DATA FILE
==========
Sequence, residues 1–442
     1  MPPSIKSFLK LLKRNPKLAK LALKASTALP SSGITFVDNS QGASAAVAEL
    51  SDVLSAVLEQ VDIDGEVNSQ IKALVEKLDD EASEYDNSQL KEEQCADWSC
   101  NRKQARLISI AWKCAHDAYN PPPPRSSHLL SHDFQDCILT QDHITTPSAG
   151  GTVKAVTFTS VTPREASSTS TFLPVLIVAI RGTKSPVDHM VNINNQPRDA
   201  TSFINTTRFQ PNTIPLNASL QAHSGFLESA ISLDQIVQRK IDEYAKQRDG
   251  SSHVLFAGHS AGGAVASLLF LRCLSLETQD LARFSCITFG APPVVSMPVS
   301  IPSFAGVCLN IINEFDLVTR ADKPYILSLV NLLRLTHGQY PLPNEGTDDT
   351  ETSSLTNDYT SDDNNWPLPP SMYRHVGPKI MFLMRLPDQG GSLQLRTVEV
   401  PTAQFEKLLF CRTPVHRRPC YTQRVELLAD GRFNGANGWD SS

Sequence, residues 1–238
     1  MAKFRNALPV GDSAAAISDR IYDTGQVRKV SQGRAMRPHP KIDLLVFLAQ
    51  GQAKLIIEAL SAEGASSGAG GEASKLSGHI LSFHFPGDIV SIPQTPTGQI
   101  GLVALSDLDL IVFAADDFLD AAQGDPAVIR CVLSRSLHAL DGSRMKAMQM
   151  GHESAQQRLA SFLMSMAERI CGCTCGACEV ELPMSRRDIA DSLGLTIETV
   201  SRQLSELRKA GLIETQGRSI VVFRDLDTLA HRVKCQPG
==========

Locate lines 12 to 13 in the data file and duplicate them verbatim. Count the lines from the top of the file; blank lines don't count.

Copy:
     1  MAKFRNALPV GDSAAAISDR IYDTGQVRKV SQGRAMRPHP KIDLLVFLAQ
    51  GQAKLIIEAL SAEGASSGAG GEASKLSGHI LSFHFPGDIV SIPQTPTGQI